Search and Rescue

The Rescueman’s Creed

It is my duty as a Rescueman to save life and to aid the injured. I will be prepared at all times to perform my assigned duties quickly and efficiently, placing these duties before personal desires and comforts. These things we (I) do, that others may live.

Originally titled “The Code of the Air Rescueman”, it was penned by the first commander of the Air Rescue Service, (then) Lieutenant Colonel Richard T. Kight (October 18, 1913 – June 17, 2001) and is also still used by the Air Force Rescue Coordination Center (AFRCC) “That others may live” has also been adopted by other SAR agencies in the U.S. and around the world.

Image courtesy of Cospas-Sarsat

It is fortunate when the weather cooperates during a search. Often the kind of weather that gets people into trouble is the same kind of weather SAR personnel have to contend with to carry out the rescue.

That Others May Live

These four simple words define the passion and drive Search and Rescue (SAR) people have, and adverse conditions they put themselves through, to save others in distress. They take up the search on challenging terrain, in any weather, any time of year, day or night. The type of SAR responder called in is usually determined by the expertise required for the environment where the search and rescue is occurring. For some this is their profession… others are trained volunteers with a specific skillset. General types of SAR missions include: Mountain Rescue, Ground search and rescue (in wilderness areas), air sea rescue and avalanche rescue.

Image courtesy of DVIDS

Rescue, especially in rugged terrain, requires intense training, a high level of fitness and a very specific skill set.

They don’t wait for perfect conditions because time is the enemy. The mission is real and urgent, and the clock is ticking on someone’s life. In SAR terms they want to find whoever is in distress within “the golden hours”. What it means is the quicker a victim in distress can be found, the better chance they have for survival.

Image courtesy of DIVIDS

Getting help to you fast means the difference between rescue and recovery. 406 beacons make that possible.

What if You were that Person in Distress?

In other parts of this SARSAT website we have shown the many different ways a 406 distress beacon ‘Saves Lives’. To date there are over 40,000 individuals who owe their lives to a Cospas-Sarsat beacon and the people who responded to their distress signal. But a 406 beacon does more than that… it also helps minimize the risk to the people doing the search – the SAR teams – who potentially put their own lives at risk to save yours. Often the conditions that might have forced you to activate your 406 beacon in the first place are the same conditions they will encounter when coming to your aid.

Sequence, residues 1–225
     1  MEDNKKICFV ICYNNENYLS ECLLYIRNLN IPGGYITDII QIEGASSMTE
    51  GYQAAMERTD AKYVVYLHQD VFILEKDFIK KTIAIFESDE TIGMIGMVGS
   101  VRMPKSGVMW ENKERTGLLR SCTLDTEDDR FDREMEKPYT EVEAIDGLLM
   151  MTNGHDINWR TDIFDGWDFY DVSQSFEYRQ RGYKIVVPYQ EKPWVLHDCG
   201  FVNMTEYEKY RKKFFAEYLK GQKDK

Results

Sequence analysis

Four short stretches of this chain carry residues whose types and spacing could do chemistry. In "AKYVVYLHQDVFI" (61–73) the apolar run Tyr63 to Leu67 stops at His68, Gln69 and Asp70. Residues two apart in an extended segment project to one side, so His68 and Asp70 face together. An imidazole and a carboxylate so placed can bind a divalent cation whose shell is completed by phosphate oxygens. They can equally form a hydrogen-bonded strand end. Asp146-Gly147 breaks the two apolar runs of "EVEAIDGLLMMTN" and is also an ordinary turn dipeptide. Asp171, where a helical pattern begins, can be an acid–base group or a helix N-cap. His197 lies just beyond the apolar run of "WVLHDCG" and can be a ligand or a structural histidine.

Image courtesy of DVIDS

By one estimate, there are over 100,000 rescues taking place in the U.S each year. Carrying a 406 beacon makes finding you much easier and faster for SAR crews.

Your boat might have been swamped in a storm, your helicopter crashed in a whiteout, you became injured by falling rocks while climbing a very treacherous mountain cliff or you might have just broken your leg while hiking in the backwoods. All these are valid reasons to activate your beacon. And by activating that beacon, if it is registered, the people rescuing you will know who you are, what activity you were involved in, when the beacon was activated, and most importantly where you are. From that information they will know how to prepare for the rescue and what equipment they will need. Depending on how far you are from civilization, they could be at your location in a matter of hours. 406 Beacons take the search out of search and rescue.

Image courtesy of DVIDS

406 ELT beacons are installed in the tail section of the plane as this is the most likely location to have the least impact damage. A G-switch (gravity switch) automatically activates the beacon when the plane crashes.

Now put yourself in the scenario where you don’t have a beacon. You lost your footing and fell down a steep incline. You may have tried your mobile phone, but you are far from civilization so no service. Your boat is sinking fast and all your means of communication are out of commission. Your plane was already off course when you lost power and crashed.

Image courtesy of DVIDS

A ground search without specific location information is very labour intensive and time consuming. Search grids are set up so all potential areas are covered thoroughly and methodically.

How will you be found? Once you are reported missing or overdue, SAR crews begin searching the only other way possible – making numerous trips covering potential areas you could be or were last seen. This might take days or weeks. And every time they go out looking for you, they put themselves in harms way. They want to find you and you want to be found. So carry a 406 beacon when you venture into wild and remote places. It will give you a lifeline to survival if you are injured. It makes rescue easier and safer for those who go out to save you. They will know where you are.

Image courtesy of Cospas-Sarsat

Pilots have to balance being high enough to search a large amount of area in a short time with being low enough to spot a victim, debris or a life raft in the water. This is especially stressful for SAR crews when there is an overdue reported but no location information other than the departure point and the planned destination.

As one Coast Guard rescue swimmer put it: (Without a beacon) “We would be doing search and rescue the old fashioned way; That is… go out, spend a lot of money, spend a lot of gas, burn a lot of holes in the sky, looking for folks and the clock is ticking on their lives”.